Travel Insurance Checklist: The Essentials You Must Have

With credit card suppliers and employer/retiree benefit plans all offering out-of-country travel insurance, you need to know what the essentials are when looking for coverage. Finding yourself stranded in a foreign country with inadequate coverage may ruin you financially.  Here’s what you need to have. Don’t compromise.

Many credit card and employer/retiree plans cover you for only a short time—15 to 25 days for credit cards, maybe up to 40 for employer/retiree plans. Don’t assume they will cover you for as long as you want to travel.  Know their limitations.

The only plans that guarantee you cover for the precise number of days you specify are the stand-alone, dedicated private plans sold by travel insurance companies—often through brokers, banks, motor leagues, membership associations, credit unions, and directly by the companies themselves.

Most offer the following benefits (this is the minimum we recommend).

·         At least $1 million in coverage for emergency medical benefits: many will go as high as $5 million.

·         All inclusive hospital and medical services—no exceptions but for the deductibles you may select.  And choosing deductibles is a smart choice as they can significantly lower your premiums.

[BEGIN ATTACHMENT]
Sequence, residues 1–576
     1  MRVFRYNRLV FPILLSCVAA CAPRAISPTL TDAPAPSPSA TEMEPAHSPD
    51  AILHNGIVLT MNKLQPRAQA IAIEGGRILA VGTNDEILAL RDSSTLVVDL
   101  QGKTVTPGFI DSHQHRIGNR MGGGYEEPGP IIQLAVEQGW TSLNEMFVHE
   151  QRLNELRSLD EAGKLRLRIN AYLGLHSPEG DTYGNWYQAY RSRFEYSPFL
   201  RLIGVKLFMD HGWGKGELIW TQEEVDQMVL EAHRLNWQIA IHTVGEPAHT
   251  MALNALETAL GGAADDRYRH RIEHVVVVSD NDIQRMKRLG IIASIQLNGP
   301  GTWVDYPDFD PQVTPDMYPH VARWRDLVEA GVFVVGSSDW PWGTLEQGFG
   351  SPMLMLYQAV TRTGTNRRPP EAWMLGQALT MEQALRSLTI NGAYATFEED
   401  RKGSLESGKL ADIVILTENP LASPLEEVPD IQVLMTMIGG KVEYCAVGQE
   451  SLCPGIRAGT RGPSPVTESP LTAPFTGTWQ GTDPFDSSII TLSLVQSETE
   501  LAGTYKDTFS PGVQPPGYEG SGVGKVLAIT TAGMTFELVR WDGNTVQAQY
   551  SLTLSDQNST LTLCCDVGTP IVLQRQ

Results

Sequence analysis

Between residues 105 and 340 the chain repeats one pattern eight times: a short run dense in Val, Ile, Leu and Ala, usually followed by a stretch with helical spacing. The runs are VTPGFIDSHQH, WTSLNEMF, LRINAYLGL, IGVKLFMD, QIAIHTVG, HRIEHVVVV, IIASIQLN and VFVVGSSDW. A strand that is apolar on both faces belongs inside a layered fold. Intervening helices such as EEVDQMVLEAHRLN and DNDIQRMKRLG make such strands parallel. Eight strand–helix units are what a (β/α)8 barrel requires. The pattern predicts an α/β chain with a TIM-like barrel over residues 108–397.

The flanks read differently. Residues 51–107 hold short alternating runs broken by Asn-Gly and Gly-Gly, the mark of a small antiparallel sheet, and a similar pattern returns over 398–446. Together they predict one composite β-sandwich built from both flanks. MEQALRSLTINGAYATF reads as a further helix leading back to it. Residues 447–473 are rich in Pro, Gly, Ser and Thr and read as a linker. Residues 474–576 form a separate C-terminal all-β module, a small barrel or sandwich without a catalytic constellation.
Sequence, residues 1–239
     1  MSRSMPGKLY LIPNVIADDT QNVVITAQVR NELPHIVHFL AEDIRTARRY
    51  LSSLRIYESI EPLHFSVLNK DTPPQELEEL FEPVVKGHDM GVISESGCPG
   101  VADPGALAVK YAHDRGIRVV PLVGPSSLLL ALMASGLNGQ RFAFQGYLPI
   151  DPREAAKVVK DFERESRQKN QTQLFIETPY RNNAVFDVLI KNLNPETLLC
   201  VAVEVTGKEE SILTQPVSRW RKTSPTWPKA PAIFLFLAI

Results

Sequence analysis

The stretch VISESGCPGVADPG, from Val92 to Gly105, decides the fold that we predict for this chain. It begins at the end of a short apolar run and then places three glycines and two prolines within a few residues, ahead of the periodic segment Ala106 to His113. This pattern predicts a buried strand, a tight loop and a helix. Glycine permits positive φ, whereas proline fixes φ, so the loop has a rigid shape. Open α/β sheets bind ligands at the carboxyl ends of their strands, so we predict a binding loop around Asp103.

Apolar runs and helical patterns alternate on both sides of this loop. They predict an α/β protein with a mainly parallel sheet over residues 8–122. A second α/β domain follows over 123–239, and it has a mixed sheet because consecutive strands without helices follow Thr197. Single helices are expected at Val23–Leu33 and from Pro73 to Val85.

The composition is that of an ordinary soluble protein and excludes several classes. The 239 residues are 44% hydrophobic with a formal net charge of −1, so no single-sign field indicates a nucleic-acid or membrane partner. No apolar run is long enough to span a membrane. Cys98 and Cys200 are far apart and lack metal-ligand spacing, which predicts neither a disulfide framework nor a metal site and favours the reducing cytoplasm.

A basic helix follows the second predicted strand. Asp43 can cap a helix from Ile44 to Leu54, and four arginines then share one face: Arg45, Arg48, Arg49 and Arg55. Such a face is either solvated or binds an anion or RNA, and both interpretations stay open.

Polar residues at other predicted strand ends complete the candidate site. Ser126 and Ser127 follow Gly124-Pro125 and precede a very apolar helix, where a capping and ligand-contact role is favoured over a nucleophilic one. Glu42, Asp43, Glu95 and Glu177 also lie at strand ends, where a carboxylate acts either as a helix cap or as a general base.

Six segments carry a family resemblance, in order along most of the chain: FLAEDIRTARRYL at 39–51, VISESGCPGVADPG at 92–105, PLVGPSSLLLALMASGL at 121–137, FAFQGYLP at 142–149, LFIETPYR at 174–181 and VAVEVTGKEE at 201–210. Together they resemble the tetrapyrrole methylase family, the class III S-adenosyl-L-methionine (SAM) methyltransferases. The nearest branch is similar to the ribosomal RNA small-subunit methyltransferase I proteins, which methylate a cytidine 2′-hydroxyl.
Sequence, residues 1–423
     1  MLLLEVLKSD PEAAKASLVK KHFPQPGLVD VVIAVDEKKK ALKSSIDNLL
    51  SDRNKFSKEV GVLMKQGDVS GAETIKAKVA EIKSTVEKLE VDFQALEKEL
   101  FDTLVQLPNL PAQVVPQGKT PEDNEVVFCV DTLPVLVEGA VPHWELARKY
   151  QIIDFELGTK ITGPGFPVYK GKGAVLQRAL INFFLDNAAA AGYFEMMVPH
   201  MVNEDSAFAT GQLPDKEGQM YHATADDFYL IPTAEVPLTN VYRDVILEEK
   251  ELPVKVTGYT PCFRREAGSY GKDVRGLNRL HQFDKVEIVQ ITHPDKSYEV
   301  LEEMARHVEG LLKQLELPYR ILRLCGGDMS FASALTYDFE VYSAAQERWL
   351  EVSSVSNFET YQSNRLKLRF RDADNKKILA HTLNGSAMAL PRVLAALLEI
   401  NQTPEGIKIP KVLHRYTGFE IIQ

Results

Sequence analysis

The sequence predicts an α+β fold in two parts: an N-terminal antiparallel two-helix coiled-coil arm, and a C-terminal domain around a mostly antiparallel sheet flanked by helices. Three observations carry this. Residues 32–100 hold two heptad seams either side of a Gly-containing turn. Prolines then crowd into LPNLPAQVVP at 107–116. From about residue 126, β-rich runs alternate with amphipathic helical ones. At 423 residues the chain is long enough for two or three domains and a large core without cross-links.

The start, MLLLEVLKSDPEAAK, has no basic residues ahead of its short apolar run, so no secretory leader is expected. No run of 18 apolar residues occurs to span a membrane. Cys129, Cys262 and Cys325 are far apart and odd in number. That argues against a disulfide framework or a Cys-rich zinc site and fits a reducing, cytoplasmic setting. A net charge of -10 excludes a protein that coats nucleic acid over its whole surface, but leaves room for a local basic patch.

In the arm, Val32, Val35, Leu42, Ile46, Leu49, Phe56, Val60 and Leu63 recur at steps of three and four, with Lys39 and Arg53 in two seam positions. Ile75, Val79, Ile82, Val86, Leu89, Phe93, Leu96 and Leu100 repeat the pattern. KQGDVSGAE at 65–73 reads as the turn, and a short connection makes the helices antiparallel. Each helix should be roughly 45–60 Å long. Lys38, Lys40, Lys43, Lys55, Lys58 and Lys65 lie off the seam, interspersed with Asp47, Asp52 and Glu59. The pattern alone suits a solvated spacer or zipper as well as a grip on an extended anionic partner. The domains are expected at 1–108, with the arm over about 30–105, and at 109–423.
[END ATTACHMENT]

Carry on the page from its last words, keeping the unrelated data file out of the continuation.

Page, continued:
·         Direct payments to out-of-country hospitals and doctors. You don’t want to be responsible for paying foreign providers any large amounts without your insurer getting involved. They can get much larger discounts on services than you can.

·         Air ambulance repatriation to a hospital in your home province if medically necessary. This is absolutely essential as an air ambulance can easily cost $25,000 for a repatriation from Florida or Arizona to Canada—three times that for a repat from Europe.

·         Return of your car or other vehicle from your vacation home to Canada if you can’t drive or are airlifted back due to a medical emergency.

  • Paying for a close family member or relative to your hospital bedside if you need assistance and if it’s medically necessary.
  • A card clearly identifying your insurer, its emergency assistance service, and how that service can be contact 24/7 to verify your coverage.  Don’t accept only a telephone number. That’s just not acceptable.  Hospitals must be able to clearly and immediately confirm your coverage. Don’t make it difficult for them or they may require you to put up very large cash or credit card deposits.

Check out your credit card plans or you retiree benefits to see if they offer all of these benefits.  And ask to see those benefits in print.  A verbal assurance is not good enough.

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